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Integral protein question


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#1 theax

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Posted 19 April 2009 - 07:14 PM

Note: This is not a homework question. I am just trying to understand the mechanism of integral proteins.

Question: We know integral proteins have nonpolar regions inside. But are integral proteins like channels (which have a tunnel inside) or are they like pumps or are they not hollow and cannot particles/molecules cannot move through them into/outside of the cell??????????????????? Can particles actually pass through them or not????????????

Research: My book and wiki seems to not explain this point (check wiki at http://en.wikipedia....embrane_protein ). So I turned here.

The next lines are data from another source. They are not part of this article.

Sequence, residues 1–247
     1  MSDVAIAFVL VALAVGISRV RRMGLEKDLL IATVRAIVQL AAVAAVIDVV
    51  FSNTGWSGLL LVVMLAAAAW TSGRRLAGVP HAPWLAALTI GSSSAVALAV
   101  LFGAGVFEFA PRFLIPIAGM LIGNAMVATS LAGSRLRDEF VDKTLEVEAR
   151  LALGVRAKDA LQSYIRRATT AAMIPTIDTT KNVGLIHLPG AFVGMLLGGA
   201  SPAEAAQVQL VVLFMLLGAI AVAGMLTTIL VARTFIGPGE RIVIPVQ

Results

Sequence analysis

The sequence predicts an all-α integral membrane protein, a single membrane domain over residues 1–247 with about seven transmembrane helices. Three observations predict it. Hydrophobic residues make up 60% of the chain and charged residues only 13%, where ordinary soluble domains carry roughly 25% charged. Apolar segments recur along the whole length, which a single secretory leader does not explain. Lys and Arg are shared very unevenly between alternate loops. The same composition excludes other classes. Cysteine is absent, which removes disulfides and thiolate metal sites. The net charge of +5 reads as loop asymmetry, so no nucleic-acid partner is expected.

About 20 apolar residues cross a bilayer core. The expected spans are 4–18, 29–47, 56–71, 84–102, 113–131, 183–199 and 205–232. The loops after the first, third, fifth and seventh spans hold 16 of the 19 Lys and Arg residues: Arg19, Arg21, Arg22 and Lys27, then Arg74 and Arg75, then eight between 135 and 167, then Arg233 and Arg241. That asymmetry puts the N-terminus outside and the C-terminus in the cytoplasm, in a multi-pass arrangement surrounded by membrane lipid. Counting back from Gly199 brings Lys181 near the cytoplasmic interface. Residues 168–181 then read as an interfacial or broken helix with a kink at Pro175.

#2 aimikins

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Posted 20 April 2009 - 02:43 PM

the term 'integral protein' covers so many things, I don't think it's possible to make such a blanket statement.

I know that it's possible for things to move through integrins (a subcategory of integral proteins). S. aureus invades epithelial cells through an integrin.

however....I can't answer this for all the cams and receptors this covers. they are all different, right?
"it is a miracle that curiosity survives formal education" -A.E.

#3 theax

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Posted 25 April 2009 - 09:42 PM

okay. Thanks! :wacko:




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